The news that a telescope in China has detected a possible signal of alien origin has spread like wildfire. The truth is that not even the announcement, which apparently already demanded caution, is official. Waiting for new information to arrive, it is worth reviewing what we know and other similar announcements that have arrived in recent weeks.
What we know and what we don’t know about the new announcement.
According to publican various media, the announcement comes from the Chinese publication Science and Technology Daily, although it is not possible to access the piece in which the finding was reported. The signal would have been captured by the FAST telescope (Five-hundred-meter Aperture Spherical radio Telescope), also known as Sky Eye, located in southwestern China.
The person responsible for this sighting would be Zhang Tongjie, who would have called for caution from the outset, explaining that, although the origin is not yet known, the probability that it is a simple interference. If the signal is confirmed will have to wait even longer for the investigations to proceed.
The Sky Eye telescope.
FAST is one of the great tools that we have today in the search for extraterrestrial life, but this is not its only mission. Its use has been open to the international community for two and a half years, and it began its steps by capturing the radio waves emitted by pulsars, discovering more than a hundred. Specifically, the telescope is sensitive in the low frequency radio bands.
The telescope is surrounded by a perimeter of “total silence”, in which various electronic devices capable of causing interference with the contraption are prohibited. The dish of this telescope measures 500 meters in diameter, 66% more than the 305 meters of the already retired Arecibo telescope.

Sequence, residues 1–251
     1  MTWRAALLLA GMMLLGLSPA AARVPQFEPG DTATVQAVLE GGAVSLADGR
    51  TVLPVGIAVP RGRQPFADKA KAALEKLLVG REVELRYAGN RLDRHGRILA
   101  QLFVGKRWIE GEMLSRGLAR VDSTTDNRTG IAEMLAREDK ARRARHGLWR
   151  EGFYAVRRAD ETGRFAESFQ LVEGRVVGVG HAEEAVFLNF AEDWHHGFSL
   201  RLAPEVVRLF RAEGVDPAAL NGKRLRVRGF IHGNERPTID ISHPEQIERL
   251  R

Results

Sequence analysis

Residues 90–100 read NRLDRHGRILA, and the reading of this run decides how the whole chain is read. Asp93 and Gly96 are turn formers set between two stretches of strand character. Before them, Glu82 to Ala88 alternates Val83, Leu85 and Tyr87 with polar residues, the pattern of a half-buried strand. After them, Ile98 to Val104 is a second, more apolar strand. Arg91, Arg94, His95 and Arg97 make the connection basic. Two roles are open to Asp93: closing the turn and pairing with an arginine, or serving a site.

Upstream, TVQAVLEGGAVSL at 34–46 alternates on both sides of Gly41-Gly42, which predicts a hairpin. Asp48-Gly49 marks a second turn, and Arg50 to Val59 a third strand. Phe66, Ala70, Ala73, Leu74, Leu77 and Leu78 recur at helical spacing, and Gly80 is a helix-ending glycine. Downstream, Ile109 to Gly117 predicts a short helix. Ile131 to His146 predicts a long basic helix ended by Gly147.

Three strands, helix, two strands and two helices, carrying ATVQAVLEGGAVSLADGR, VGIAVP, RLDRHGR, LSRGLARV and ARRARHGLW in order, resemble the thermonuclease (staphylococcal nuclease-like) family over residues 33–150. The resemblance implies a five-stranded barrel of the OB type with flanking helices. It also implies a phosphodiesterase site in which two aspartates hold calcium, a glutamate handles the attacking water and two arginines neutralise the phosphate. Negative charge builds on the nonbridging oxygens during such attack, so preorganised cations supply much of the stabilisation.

The signs that have been confirmed.
Exactly a week ago the journal Nature published a finding carried out by the Sky Eye telescope. This is one of the so-called fast radio bursts (FRB). These signals are still a mystery, but we have been detecting them since 2007.
The list of signals of this type captured so far is extensive, and this finding adds one more. FRB 190520, as this signal was baptized, is considered an anomalous signal among these already strange signals. These signals are usually unique, although a few show regular patterns. FRB 190520 not only belongs to a second group of signals, but is also particularly active. In any case, the more signals of this type that are captured and analyzed, the more we can learn about their origin.
A very media search.
The search for life on other planets is a topic that interests locals and foreigners alike, which makes it a breeding ground for oversized stories, so it is always advisable to be cautious when drawing conclusions. In recent months we have been assailed by news on the subject, some with more rigor than others. Last week without going any further, news arrived that the US space agency, NASA, had created a research group to take charge of the analysis of “unidentified aerial phenomena”.
Also recently, the theory that estimated the number of hostile alien civilizations that could be lurking in our galaxy (there were four) reached the media. Although the study could have its interest from the geopolitical point of view, its rigor as an astrophysical study was rather scarce.
In any case, the search will continue, because the human curiosity to know their environment is already great, but our curiosity to know if we are accompanied in that environment is even greater.
Imagen | Wu dongjun/AP